Wednesday, October 17, 2012

Grappling with Guilt

In spite of my enthusiasm for the perverted pleasures in life, there is some part of me that is still infected with a sense of shame about indulging in pornography. Sure, everybody looks at pornography, but to star in it yourself? That shows a whole different level of commitment to debauchery.

And then there's the issue about sexual orientation. I'm not hung up about the whole gay/straight dichotomy, but I'm not really attracted to men. Using myself as a subject, it's different in some weird way, and I don't really want to try too hard to psychoanalyze that. It has a lot to do with my exhibitionism.

But there's still that part of me that's infected with those prudish beliefs about sexuality, where I feel like I'm denigrating my reputation (in the socially accepted strata of, quite literally, "straight" society) by acknowledging the erotic potential of the male subject, much less myself (which taps into social paranoia about narcissism - but why shouldn't I love myself?).

In the end, I try not to let that thinking infect what I do, and a large part of the appeal of what I do is the freedom of being able to say, "fuck the rules, fuck how I'm supposed to act, I'm going to express myself however I feel like it". I can appreciate that from the angle of reason, but it can only go so far as to influence my irrational feelings.

But the thing that always reassures me is this idea that I am modeling the sort of behavior I want others to replicate. I'm not doing it all for me. I'm demonstrating that you can take sexy, slutty pictures and share them on the internet and not have to sacrifice your principles or your self-respect.

Because, ideally, I want to see people I am attracted to doing the same thing, and I want them to feel comfortable doing it and owning up to it. The people who would say I am sick for taking pictures of my genitals and posting them on the internet would turn around and delight in viewing pictures of other people's genitals on the internet.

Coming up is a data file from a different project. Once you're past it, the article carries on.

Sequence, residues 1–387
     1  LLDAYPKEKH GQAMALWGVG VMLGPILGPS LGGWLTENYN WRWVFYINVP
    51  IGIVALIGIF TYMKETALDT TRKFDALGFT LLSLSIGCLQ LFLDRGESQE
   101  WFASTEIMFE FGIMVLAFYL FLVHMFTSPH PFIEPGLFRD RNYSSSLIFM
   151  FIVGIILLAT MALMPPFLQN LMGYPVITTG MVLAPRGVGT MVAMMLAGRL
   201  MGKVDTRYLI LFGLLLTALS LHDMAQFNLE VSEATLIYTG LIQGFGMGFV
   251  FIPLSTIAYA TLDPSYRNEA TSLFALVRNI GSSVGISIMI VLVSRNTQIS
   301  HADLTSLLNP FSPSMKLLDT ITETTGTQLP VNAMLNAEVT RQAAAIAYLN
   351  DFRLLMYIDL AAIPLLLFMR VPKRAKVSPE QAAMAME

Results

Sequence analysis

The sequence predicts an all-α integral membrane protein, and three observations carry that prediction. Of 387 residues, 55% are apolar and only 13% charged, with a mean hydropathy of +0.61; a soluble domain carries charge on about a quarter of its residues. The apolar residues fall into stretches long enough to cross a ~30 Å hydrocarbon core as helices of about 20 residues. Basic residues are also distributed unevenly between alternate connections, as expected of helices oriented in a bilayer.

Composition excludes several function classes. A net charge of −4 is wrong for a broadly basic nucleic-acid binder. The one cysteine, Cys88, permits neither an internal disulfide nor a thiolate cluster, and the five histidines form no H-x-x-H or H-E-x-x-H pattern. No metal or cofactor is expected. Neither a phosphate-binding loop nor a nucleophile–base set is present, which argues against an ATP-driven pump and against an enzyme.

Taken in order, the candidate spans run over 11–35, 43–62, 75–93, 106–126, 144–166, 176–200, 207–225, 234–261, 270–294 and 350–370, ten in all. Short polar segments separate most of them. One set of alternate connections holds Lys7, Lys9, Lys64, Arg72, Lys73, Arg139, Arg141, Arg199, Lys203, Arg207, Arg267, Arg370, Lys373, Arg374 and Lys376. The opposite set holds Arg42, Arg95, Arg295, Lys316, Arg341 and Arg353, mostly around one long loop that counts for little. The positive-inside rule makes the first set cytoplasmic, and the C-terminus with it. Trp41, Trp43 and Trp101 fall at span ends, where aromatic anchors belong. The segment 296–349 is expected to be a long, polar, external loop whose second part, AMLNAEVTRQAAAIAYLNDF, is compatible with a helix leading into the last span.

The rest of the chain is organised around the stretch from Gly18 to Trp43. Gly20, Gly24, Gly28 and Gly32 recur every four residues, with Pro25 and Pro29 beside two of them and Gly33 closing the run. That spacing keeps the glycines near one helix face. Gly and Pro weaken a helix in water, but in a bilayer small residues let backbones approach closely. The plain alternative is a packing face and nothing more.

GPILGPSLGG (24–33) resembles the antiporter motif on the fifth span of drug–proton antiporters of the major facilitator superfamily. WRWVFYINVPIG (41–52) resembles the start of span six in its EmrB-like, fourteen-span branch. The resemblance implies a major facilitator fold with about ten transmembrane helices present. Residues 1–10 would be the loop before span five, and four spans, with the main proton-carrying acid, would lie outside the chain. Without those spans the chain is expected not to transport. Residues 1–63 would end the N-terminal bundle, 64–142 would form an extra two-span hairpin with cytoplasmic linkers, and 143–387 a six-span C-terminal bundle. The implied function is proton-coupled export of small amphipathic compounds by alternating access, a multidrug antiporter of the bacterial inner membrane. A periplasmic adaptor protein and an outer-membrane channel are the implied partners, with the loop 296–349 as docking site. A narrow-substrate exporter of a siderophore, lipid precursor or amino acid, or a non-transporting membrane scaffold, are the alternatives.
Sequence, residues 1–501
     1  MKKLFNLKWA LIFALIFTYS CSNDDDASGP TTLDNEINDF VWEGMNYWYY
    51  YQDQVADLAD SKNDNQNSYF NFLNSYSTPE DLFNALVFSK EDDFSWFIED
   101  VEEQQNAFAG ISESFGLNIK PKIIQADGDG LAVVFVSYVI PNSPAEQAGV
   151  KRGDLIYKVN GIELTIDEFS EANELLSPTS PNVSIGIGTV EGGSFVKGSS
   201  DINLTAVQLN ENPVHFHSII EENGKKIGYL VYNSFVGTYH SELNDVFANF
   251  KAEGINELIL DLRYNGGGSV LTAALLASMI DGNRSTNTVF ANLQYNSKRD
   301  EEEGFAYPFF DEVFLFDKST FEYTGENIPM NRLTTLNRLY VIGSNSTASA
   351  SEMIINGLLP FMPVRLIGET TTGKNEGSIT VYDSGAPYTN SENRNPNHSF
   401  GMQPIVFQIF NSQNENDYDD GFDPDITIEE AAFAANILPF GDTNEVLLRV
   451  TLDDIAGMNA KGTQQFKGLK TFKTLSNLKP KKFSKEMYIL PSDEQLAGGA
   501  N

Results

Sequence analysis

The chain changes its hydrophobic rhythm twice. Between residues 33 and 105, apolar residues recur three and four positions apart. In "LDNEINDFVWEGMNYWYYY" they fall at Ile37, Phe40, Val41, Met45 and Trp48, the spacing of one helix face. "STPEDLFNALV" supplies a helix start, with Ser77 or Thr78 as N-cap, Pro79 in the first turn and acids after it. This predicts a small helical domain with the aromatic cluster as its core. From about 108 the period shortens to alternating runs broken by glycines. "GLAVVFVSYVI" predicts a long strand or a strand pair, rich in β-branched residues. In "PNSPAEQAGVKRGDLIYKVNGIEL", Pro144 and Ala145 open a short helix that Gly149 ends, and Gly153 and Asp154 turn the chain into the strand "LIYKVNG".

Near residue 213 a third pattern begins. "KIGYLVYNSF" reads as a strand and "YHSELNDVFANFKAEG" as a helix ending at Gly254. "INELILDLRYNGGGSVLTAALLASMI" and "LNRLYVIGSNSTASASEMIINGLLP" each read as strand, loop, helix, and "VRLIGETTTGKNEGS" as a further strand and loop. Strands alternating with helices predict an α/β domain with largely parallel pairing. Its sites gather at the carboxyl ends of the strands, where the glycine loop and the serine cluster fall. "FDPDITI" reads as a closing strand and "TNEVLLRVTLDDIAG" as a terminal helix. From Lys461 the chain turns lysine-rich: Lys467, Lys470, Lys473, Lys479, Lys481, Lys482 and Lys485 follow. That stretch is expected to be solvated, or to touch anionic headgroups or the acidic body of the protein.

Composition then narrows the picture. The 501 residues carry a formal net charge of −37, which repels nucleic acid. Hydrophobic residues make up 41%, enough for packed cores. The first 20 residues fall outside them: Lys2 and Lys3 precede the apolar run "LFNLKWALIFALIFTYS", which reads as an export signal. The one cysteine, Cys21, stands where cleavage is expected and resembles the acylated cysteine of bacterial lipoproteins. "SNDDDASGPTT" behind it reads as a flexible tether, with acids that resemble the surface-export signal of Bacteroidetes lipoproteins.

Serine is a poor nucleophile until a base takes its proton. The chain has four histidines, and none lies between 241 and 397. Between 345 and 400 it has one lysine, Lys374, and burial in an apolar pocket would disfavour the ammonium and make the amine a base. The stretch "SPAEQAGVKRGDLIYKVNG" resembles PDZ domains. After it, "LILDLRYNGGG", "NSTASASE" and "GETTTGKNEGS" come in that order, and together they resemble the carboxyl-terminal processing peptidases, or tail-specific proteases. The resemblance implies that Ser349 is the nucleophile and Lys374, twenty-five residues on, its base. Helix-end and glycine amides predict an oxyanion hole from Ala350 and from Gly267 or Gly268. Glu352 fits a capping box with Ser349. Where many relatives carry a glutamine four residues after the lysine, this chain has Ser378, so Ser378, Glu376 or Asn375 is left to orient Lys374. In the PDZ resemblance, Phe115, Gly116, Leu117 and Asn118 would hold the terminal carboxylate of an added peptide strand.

I call that hypocrisy. I don't want to be a hypocrite, but instead of punishing myself for liking porn (why the hell should I do that?), I decided instead to start making some of my own. So that I would be invested in it. So that I couldn't turn around and lie about its evils to someone else.

The only problem is, I don't see nearly enough people doing it the same way. The professional model - infected with the poison of capitalism - places money over the value of quality and integrity. And the prudes and religious nuts and anti-sex feminists who hold way too much power in society are succeeding at making everyone else feel guilty about sex and enjoying themselves.

I wish I knew a better way to cut at the heart of that disease. The one that infects people - the way I have been infected - with a prudish set of values surrounding sex and pleasure and modesty. But the best thing I know how to do is to lead my life the way I want to, and as an artist, prop myself up as an example for others.

But I wonder sometimes if I'm making any kind of an impression on people. Because I want to be more than another pervert on the internet. I want to be a role model for perverts on the internet. A role model who can make perversion look a little bit more palatable to the non-perverts who waste too much time trying to spoil the fun of others.

Maybe it's a futile struggle. But it's the sort of thing I live for. I prostrate myself before the Goddess of Pleasure in the hopes of seeing more girls liberate themselves from the evil doctrine of modesty. So far, the vast majority of perverts that have been coming my way are either men, fakes, or old hands.

But you know, men are allowed to be perverts. Men are supposed to be perverts. Men are frequently assumed to be perverts even when they're not. Women, on the other hand, can't be perverts. They can only be sluts - and that's not a good thing.

Well I'd love to change that, somehow. I don't exactly know how I can do that by posting pictures of myself, but I try in my writing to address the issue, and I hope that somehow my non-standard approach toward gender stereotypes can make some kind of an impact. I've got my fingers crossed.

Because, after all, it's all I really know how to do.

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